What We're Reading - July 25
Good morning, everyone! It’s a busy day today, so we’ll skip to the highlights. Here’s what we’re reading this morning….
In Oregon, Obama discusses the importance of protecting women’s access to health care. “Obama gets personal on Planned Parenthood” — “PORTLAND, Ore. -- President Barack Obama got personal with his stump speech Tuesday. ‘Mr. Romney wants to get rid of funding for Planned Parenthood. I think that’s a bad idea,’ Obama said to about 950 donors at the Oregon Convention Center as he highlighted differences with Mitt Romney. ‘I’ve got two daughters. I want them to control their own health care choices.’ The president attacked Romney on a broad range of other policy points too. ‘On almost every issue there’s a contrast,’ the president said before turning to his decision on gays in the military. ‘I believe we did the right thing in ending ‘Don’t Ask, Don’t Tell,’ Obama said. ‘I believe that fairness is a hallmark of this country. Mr. Romney disagrees when it comes to Don’t Ask, Don’t Tell. But we’re not going backwards. We’re going forward.’ Like his other stops on this week’s campaign trip to California and Washington State, Obama’s visit to deep blue Oregon wasn’t about trying to convert voters. This trip is about raising money from an active Democratic base that includes technology, venture capital and business executives.”
MSNBC highlights Planned Parenthood Advocates of Montana’s role in the defeat of “personhood” initiative. “’Personhood' movement slowed in 2012 as amendment fails to make Montana ballot”—“A movement to ban abortion in Montana by placing an amendment on the state's November ballot to define life as starting at conception, or fertilization, has failed. Similar so-called ‘personhood’ proposals in half a dozen other states have also failed this year. The Montana ProLife Coalition gathered less than half the signatures it would have needed to get the amendment on the ballot (23,512 out of 48,674 necessary), according to the Missoulian. The amendment, CI-108, would have altered the state constitution to extend all rights afforded to the state's citizens, including due process, to human embryos, thus outlawing abortion, but also possibly impacting some birth control, in-vitro fertilization, and stem cell research. Planned Parenthood Advocates of Montana championed its voter education effort with helping to block the amendment, saying that after ‘months of work educating voters on the severity of the proposed law, Montanans thought carefully about the unintended consequences before rejecting this dangerous measure.’"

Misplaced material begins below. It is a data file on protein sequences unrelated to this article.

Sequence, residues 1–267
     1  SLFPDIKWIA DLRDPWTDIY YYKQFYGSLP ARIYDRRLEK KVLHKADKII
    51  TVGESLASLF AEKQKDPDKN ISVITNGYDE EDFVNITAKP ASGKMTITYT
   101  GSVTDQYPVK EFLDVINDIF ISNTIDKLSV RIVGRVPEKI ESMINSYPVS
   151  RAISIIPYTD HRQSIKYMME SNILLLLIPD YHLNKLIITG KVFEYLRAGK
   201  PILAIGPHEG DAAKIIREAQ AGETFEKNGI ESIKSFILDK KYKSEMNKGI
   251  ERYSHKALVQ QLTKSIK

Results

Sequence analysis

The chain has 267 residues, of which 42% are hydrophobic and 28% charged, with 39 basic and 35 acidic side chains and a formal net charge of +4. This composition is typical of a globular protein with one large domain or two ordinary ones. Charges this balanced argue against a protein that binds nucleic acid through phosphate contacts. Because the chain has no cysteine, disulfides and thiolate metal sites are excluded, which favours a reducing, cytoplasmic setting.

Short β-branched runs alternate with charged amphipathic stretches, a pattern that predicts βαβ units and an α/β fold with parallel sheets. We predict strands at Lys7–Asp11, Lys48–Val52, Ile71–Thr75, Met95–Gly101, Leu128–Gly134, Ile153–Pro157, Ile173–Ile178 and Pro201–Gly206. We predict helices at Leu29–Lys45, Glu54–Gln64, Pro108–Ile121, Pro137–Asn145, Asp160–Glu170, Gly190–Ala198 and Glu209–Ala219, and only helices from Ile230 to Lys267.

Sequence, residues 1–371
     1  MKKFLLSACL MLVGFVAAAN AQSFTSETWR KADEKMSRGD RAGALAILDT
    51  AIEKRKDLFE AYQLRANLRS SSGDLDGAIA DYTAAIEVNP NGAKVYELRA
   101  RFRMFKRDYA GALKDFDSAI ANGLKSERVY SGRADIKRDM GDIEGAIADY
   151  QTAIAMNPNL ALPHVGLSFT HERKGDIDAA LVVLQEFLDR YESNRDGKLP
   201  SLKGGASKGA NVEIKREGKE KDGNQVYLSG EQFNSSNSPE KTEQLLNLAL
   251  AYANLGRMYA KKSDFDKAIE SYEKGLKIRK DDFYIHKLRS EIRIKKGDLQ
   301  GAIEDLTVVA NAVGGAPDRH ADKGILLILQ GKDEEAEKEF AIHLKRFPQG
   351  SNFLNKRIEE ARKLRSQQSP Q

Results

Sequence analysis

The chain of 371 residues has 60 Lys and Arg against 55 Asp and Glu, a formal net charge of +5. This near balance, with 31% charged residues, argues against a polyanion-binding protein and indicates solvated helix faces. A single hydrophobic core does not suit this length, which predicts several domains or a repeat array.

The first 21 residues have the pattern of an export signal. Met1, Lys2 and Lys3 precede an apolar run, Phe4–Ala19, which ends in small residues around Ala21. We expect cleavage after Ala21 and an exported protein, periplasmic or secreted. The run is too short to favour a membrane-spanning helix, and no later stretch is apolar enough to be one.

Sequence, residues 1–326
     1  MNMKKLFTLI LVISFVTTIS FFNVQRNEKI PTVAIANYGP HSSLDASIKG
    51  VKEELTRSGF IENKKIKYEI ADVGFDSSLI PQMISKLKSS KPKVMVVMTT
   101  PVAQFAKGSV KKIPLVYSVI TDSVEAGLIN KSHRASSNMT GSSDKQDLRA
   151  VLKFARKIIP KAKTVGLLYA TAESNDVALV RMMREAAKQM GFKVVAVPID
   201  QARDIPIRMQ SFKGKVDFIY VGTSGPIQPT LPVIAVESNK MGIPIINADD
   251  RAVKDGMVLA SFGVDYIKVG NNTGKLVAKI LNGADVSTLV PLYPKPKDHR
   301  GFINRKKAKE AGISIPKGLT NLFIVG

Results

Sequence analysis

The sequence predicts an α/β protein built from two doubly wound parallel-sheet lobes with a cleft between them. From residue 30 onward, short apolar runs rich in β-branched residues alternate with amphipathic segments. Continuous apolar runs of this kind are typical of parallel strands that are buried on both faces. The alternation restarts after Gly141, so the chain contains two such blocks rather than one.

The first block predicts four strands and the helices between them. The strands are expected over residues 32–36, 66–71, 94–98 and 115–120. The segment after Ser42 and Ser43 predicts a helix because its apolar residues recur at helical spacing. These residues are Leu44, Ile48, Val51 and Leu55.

Good news coming out of the International AIDS conference. “Scientists say an HIV cure is within reach” — “An influential group of scientists gathered this week at the International AIDS Conference in Washington is committing to a goal that just five years ago would have seemed ludicrous: to cure HIV. After studying the virus for more than 30 years and developing potent drugs that transformed the disease from a death sentence into a manageable chronic condition, a growing number of researchers now say the search for a cure should be a major research priority. While acknowledging substantial challenges, they argue that the effort is necessary because the epidemic cannot be contained through treatment and prevention alone. And recent medical and scientific advances — including the case of the first man definitively cured of the human immunodeficiency virus— offer proof that it’s possible. Spearheading this audacious challenge is the International AIDS Society, which developed a research agenda in collaboration with more than 40 scientists led by French virologist Francoise Barre-Sinoussi, who won the Nobel Prize in physiology or medicine in 2008 for her role in the discovery of HIV. Among the tasks: investigating where and how the virus can hide out in the body and studying the immune response of the select group of people who are naturally immune to HIV.”